Air Cargo Market Weakens As Capacity Floods Into Service on Major Trades

  • Air Cargo Market Weakens As Capacity Floods Into Service on Major Trades

    Air Cargo Market Weakens As Capacity Floods Into Service on Major Trades

    Air cargo capacity continues to flood into service as airlines reactivate passenger flights and freighter operators launch new services between the major markets of Asia, the US, and Europe.

    In addition to long-haul passenger aircraft with significant belly freight capacity coming back into service to capture growing travel business, several airlines — including the air freight arms of carriers Maersk, CMA CGM, and Mediterranean Shipping Co. — are adding freighters to the major trade lanes.

    Maersk Air Cargo on Monday launched a scheduled service between Billund in Denmark and Hangzhou in China in response to increasing customer demand. The carrier’s internal airline will operate three flights a week using a recently converted Boeing 767-300 freighter and focus on high-value and time-sensitive cargo between Scandinavia, Northern Europe, and Asia-Pacific.

    “Air freight with scheduled flights and controlled capacity represents a crucial part of our customers´ end-to-end logistics needs,” Michel Pozas Lucic, global head of air at A.P. Møller-Maersk, said in a statement.

    CMA CGM Air Cargo this quarter increased its air freight operations to 15 scheduled flights per week that connect Europe, Asia, and the US, while MSC began its round-the-world service after taking delivery of the first of four Boeing 777-200 freighters earlier this year. MSC has expanded its focus beyond China with the service connecting Mexico City, Indianapolis, and Seoul in addition to Xiamen.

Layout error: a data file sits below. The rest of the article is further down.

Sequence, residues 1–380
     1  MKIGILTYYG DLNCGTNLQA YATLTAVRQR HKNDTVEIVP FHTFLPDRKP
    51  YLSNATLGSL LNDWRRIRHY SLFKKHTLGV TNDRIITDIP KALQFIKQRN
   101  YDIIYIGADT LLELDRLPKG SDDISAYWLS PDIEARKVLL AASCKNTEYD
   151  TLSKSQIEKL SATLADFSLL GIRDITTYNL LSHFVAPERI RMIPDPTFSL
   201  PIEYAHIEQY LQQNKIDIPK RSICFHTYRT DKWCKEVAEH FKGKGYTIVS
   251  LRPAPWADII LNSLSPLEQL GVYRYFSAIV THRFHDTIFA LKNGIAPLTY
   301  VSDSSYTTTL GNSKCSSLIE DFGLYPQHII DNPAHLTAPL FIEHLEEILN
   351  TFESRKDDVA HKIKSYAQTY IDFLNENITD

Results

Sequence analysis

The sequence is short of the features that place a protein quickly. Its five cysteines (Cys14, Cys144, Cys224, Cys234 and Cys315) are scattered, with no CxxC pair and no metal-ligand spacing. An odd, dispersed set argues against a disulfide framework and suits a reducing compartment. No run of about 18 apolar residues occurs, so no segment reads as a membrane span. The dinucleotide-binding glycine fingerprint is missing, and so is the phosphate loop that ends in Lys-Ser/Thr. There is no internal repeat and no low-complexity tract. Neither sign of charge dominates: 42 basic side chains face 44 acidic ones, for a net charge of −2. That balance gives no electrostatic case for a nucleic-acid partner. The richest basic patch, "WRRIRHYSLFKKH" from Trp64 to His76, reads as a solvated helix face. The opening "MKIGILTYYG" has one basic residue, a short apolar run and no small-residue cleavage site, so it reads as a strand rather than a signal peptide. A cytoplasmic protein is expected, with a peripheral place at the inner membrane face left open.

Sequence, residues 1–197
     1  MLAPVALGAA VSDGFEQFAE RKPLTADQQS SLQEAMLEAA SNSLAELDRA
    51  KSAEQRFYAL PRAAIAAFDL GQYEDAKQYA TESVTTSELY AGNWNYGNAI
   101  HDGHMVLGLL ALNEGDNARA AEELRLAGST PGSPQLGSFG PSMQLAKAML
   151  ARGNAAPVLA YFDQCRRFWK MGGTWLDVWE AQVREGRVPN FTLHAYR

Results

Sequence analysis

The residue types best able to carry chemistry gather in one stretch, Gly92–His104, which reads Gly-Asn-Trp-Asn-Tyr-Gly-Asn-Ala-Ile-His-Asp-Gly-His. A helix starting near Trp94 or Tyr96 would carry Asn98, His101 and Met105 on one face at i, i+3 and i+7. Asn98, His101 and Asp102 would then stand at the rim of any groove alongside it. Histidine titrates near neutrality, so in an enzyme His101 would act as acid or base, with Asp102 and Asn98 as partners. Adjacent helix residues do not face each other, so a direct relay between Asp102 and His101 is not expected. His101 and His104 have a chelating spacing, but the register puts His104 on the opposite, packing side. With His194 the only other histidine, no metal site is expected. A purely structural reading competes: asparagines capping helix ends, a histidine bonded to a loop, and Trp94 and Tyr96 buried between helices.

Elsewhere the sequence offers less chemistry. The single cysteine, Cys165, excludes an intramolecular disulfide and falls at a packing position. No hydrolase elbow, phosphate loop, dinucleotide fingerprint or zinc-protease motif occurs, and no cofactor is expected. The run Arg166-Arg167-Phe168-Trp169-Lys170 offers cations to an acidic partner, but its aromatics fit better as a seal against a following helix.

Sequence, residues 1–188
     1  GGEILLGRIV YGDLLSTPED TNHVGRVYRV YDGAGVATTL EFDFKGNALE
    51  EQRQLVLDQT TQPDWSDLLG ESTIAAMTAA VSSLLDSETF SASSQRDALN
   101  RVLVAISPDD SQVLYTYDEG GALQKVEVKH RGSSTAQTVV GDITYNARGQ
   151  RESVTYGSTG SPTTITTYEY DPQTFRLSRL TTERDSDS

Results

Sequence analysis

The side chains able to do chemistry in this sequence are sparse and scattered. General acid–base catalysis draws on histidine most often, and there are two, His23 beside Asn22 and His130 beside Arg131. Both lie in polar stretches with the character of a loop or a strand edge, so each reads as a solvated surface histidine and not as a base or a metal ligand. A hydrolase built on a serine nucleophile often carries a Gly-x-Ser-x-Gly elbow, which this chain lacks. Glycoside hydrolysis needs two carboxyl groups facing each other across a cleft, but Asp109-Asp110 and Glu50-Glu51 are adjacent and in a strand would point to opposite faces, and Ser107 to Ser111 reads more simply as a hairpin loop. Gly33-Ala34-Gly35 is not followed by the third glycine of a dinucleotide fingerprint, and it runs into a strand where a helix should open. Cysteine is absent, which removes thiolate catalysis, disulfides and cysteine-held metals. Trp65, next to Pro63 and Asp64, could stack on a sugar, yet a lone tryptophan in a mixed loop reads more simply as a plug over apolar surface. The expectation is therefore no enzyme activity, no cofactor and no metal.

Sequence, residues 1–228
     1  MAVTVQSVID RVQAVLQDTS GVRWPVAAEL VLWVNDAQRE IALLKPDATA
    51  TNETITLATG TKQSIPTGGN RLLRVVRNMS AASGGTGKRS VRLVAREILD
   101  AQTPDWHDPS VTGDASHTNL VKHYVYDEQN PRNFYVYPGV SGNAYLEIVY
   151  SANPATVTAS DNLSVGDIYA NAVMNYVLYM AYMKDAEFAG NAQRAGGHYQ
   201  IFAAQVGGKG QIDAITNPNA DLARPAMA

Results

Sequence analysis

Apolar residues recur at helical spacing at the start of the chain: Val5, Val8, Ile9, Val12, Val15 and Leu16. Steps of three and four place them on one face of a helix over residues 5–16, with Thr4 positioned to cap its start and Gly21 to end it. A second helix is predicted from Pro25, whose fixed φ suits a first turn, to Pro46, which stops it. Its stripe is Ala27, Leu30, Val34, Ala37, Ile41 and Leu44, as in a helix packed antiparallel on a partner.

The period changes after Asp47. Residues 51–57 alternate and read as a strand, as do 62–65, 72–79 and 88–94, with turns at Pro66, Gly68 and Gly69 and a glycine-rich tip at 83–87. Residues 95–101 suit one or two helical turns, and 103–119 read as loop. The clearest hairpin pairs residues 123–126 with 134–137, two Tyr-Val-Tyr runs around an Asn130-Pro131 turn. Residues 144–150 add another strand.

But the additional space is hitting the market as demand weakens and amid the sharp decline of ocean freight rates and high inventory levels in the US and Europe. With abundant container shipping space available at very low cost, in the current weak demand environment there is little urgency for Asian imports to take to the air.

    DHL Global Forwarding wrote in its latest market update that cargo demand was unable to fill the available capacity on most trade lanes, with reduced load factors in all regions.

    “Expect continuing recovery of the China passenger market and consequently additional passenger capacity on the long-haul lanes,” the forwarder wrote.

    Air cargo analyst World ACD in its weekly update wrote that global air freight capacity was up 15 percent in March year over year, with double-digit percentage increases across all regions. That has dragged rates down from the record levels recorded at the end of 2021 and in early 2022 despite the effects of higher fuel surcharges. But prices remain far above pre-pandemic 2019 levels.

    By: Greg Knowler / JOC

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